An awe-inspiring symbol of not just the American West but of the United States as a whole, the Grand Canyon is visited by nearly five million people each year. This most beloved of national parks is facing some environmental issues. Encroaching development, proposed mining, an influx of yearly visitors and the management of the Colorado River threaten the canyon’s air and water quality. Most national parks are seen as pockets of pristine wilderness nestled among human habitation. In fact, these delicate ecosystems are often affected by activities outside their borders and the very visitors they were preserved to attract.

Grand Canyon National Park

Litter, Litter Everywhere

When President and founder of the National Park Service Theodore Roosevelt spoke at the Grand Canyon in 1903, he said, “…Keep it for your children, your children's children, and for all who come after you, as one of the great sights which every American … should see.” While it is the park’s intended purpose to be seen by all who wish to visit, the canyon’s ecosystem pays a heavy price. Hiking through the high desert is thirsty work. Thirty percent of the park’s litter each year is made up of plastic bottles. Park officials planned to ban single-use water bottles in the park, a move that echoes a very successful program instituted in Zion National Park in 2008.

The plan has since been scrapped in a controversial decision linking the National Park Foundation (NPF) and the Coca-Cola Company, one of the Foundation’s leading donors. The NPF is a not-for-profit entity charged with soliciting corporate donations to support the parks. Coca-Cola is the bottler of Dasani drinking water. In a statement, a company spokesperson said that Coca-Cola feels that the litter problem would be better addressed by increasing recycling awareness. Conservationists have vowed to challenge the decision in court. The outcome remains to be seen.

A Clean Conundrum

The region surrounding the Grand Canyon contains a large reserve of yellowcake uranium and a battle wages over the right to extract it. The Obama administration hopes to extend a two-year ban on new mines into a 20-year moratorium. Eleven uranium mines are currently under operation and will not be affected by the ban. Proponents of the ban point to the delicate environmental balance of the Colorado River, which runs through the canyon and provides drinking water to 26 million Americans. A report filed by the U.S. Geological Survey says that in random testing, several water samples showed levels of contaminants including uranium above maximum safe levels.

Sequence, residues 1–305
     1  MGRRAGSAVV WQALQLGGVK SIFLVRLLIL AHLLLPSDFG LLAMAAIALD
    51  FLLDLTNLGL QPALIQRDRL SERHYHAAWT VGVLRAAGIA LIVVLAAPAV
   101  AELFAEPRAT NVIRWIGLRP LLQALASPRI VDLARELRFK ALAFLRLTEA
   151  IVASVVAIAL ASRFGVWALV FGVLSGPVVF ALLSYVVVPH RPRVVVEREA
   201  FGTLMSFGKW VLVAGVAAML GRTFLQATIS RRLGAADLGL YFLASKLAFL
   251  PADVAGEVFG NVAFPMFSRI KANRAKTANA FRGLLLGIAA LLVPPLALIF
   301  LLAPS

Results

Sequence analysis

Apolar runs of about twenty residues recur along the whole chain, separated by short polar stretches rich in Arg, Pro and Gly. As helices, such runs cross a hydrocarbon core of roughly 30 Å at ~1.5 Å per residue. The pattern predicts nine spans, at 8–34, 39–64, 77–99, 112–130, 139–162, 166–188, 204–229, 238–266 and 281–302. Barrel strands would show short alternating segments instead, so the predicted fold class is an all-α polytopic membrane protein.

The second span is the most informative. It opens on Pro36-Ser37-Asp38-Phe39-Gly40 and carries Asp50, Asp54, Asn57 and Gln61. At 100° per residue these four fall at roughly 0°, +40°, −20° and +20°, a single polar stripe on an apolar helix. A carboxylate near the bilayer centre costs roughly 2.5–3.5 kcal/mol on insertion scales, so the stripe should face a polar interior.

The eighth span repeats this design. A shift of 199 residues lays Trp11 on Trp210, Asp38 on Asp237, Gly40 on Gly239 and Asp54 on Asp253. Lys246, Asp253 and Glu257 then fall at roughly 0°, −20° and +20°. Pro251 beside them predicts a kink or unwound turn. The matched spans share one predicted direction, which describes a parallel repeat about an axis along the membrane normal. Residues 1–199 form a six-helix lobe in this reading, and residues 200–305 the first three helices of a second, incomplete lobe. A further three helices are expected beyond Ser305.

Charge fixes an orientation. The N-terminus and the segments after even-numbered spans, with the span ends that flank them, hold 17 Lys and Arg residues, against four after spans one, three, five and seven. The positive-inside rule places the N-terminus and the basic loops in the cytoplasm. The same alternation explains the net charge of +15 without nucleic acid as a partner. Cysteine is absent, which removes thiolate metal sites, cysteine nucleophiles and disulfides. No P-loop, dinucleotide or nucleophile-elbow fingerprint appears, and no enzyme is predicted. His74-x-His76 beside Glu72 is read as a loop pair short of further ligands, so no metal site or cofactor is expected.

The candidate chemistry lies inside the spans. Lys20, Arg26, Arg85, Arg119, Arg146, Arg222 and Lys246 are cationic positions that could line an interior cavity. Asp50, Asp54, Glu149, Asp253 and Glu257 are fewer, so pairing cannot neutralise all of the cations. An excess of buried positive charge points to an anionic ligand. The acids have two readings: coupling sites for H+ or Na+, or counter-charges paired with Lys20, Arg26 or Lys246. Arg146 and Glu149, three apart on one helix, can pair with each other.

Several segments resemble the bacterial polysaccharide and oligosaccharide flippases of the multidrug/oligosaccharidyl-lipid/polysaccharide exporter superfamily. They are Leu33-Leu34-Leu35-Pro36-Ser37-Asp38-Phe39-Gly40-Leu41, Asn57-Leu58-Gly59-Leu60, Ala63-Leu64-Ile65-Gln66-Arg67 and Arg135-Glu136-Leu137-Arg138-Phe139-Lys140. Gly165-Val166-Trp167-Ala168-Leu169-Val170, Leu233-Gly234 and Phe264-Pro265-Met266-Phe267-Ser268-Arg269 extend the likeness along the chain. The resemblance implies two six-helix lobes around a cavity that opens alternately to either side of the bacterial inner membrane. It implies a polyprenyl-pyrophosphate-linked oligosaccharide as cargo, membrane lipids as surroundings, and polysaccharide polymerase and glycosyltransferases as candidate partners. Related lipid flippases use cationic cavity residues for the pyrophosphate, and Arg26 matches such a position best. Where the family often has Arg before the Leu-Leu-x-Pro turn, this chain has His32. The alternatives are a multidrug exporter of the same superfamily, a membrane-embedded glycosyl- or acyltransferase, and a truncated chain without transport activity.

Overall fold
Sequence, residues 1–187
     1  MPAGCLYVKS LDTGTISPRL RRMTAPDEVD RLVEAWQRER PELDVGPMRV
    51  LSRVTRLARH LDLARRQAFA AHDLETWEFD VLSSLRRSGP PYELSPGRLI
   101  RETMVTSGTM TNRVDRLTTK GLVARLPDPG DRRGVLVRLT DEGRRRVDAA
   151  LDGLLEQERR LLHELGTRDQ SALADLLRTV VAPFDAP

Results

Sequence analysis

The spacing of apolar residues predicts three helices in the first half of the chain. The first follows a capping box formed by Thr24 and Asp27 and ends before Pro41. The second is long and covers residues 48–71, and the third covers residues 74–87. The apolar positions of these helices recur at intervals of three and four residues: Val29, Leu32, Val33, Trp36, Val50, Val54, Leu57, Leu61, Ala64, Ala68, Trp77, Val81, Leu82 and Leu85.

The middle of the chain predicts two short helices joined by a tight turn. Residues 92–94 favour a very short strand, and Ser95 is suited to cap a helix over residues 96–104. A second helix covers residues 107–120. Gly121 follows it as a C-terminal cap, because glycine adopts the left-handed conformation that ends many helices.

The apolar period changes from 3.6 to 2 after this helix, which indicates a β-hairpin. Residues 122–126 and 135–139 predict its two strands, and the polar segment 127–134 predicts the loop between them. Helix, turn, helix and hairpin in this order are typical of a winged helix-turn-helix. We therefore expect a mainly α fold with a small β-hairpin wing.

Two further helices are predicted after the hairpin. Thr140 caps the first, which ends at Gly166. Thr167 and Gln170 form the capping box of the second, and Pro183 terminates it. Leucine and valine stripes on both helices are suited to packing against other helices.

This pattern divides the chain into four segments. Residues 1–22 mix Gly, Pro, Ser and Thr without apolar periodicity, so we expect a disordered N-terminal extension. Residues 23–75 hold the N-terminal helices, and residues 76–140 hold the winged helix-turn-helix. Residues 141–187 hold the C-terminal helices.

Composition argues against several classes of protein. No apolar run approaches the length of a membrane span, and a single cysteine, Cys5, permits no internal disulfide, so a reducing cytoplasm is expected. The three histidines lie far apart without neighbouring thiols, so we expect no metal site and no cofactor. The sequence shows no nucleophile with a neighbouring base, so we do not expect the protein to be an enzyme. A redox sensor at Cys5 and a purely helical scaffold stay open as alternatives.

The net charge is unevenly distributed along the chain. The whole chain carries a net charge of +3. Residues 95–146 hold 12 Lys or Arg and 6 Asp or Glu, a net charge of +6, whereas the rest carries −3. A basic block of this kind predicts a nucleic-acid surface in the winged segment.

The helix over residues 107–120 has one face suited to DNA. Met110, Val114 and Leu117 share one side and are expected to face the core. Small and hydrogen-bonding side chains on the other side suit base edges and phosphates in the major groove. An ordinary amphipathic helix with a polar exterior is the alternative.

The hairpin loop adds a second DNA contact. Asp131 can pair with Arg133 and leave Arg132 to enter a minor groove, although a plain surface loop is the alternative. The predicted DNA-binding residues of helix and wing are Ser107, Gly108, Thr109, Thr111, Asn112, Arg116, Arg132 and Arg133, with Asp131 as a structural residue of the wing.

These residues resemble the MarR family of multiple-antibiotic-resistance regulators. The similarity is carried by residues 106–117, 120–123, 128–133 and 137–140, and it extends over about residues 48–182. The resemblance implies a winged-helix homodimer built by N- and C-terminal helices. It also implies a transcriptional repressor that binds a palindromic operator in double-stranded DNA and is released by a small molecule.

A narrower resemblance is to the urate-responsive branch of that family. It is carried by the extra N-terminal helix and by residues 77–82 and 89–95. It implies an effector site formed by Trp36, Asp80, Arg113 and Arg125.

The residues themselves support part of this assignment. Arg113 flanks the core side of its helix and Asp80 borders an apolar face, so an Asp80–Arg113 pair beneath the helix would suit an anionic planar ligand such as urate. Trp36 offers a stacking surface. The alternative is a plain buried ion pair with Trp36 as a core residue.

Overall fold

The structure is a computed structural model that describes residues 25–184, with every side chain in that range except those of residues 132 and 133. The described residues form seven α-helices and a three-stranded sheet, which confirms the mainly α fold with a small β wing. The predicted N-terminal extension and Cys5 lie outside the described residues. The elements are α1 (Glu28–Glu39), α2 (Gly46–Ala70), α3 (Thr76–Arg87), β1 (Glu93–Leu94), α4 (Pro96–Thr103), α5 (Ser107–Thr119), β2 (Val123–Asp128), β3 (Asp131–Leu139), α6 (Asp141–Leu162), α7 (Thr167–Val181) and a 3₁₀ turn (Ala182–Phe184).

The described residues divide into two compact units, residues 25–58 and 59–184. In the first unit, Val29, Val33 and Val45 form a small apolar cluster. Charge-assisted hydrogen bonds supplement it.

Those who oppose the ban counter that by restricting mining, the administration is depriving the U.S. of a domestic source of uranium, damaging the country’s ability to produce clean energy, impeding national security and hindering job growth. While increased mining would reduce uranium imports, recent events in Japan have made Americans question the safety of nuclear power. A uranium mining accident on the Colorado River would have a devastating impact on humans, wildlife and the environment alike.

Development vs. Environment

On a pristine day in Northern Arizona, a yellow haze hangs over the rim of the majestic Grand Canyon. In recent decades the state has seen an explosion in development both residential and commercial. Even when the heat abates and cool winter breezes blow through the largest Ponderosa pine forest on the continent, the smog from cities and highways pollutes the pristine high desert air.

The prospect of further tourist and residential development near the canyon’s rim threatens the delicate equilibrium of nature. While tourism provides an important source of revenue for the region, the environmental impact of millions of annual visitors cannot be calculated in dollars and cents and is a major environmental issue in grand canyon national park. As with all ecosystems that lie along its basin, the continued management of the Colorado River has an important effect on the Canyon and the entire desert southwest. Striking a balance between the needs of the environment and the needs of people will determine the future of this natural wonder.